You’re “Yashica Steve” on Instagram – using film to express your vision. What kinds of themes do you explore with your work? How does film help you accomplish that?
I set up my Instagram account as @yashicasteve to share new film work when I started working with film again last year. I have really loved photographing this way over the last few months, using a Yashica T4 35mm compact camera loaded with AgfaVista 200. I’m don’t support the notion that film is better than digital (or vice versa), it’s just that I find the feel of the pictures, the atmosphere, really pleasing and it seems to suit my preferred subject matter. I am increasingly enjoying walking around urban environments with no planned route or expectations and simply photographing things I encounter that interest me. I also love the deferred gratification of seeing the images after getting the film developed – digital has made everything so instantaneous this is a real pleasure!
Any upcoming projects or shoots you’re working on?
My focus over recent months has been on a project called Borderland: where England meets Wales, documenting the often forgotten rural hinterland I call home on the border between the two countries. The landscape there is changing in many ways as (very slowly!) this rural landscape modernises and traditional ways of life decline. I think it makes for a fascinating and timely subject and I’m hoping others agree! I have managed all aspects of putting the book together and promoting it myself and am delighted to have sold most of the limited edition of 100 copies. There are some still available, however, and the whole series can be viewed and orders placed on my website.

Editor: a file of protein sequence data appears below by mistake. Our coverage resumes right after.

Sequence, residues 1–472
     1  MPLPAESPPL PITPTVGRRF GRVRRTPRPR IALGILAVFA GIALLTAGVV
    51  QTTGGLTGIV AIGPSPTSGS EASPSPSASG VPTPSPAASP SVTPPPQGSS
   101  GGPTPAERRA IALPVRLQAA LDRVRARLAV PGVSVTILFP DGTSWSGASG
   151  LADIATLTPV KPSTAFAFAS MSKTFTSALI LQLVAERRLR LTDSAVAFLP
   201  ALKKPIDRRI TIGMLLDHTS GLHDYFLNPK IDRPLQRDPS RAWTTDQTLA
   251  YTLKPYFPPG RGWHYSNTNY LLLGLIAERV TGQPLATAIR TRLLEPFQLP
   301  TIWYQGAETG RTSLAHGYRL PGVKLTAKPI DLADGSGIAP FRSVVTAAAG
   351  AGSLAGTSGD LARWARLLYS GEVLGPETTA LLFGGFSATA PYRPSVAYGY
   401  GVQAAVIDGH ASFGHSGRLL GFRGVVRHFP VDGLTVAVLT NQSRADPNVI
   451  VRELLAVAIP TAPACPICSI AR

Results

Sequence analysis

Reminders basically rule my life. Since my first iPhone, I’ve let a combination of to-do tasks and calendar pop-ups tell me what to do, and when. Everything from taking my daily medication to taking out the trash – I assign a robot to tell me things that I would otherwise forget. It’s a mix of Absent-Minded Professorness and outboard brain reliance.
I know that if I want to build a habit (exercise), or tell myself to do something later in a day (call the cable company), or if there’s something I just can’t or shouldn’t forget (a doctor’s appointment), I have to set a reminder. Otherwise, my brain won’t hold on to the information.
Now, I’m using a reminder system to keep my daily project going. It’s simple: twice a day, Day One tells me to make a new entry. That’s my signal to keep my photo project going – usually at 4 p.m. (before I leave work) and 7 p.m. (before the light disappears).
Why Day One? For me, it serves as both a reminder system and a daily log for the photo I take and the camera settings I used. I can even include a reference photo as a visual clue.
Day One has served me well since the birth of my daughter in 2015. Then, I used it as a journal to record her growing up – personality developments, funny sayings, a photo, that kind of thing. It came in handy when I made her first year photo book; I could look back and see, chronologically, how she was turning into a toddler.
The app doesn’t really matter. You could do something similar with a calendar or a text file. The point is that I rely so much on reminders that I’m using them to keep my daily photo project moving along. I’m both reminding myself and logging my progress as I go. Over time, it may become a habit, and I won’t need to think about it.
But probably not. I know myself well enough to keep a system like this in place until the project is done.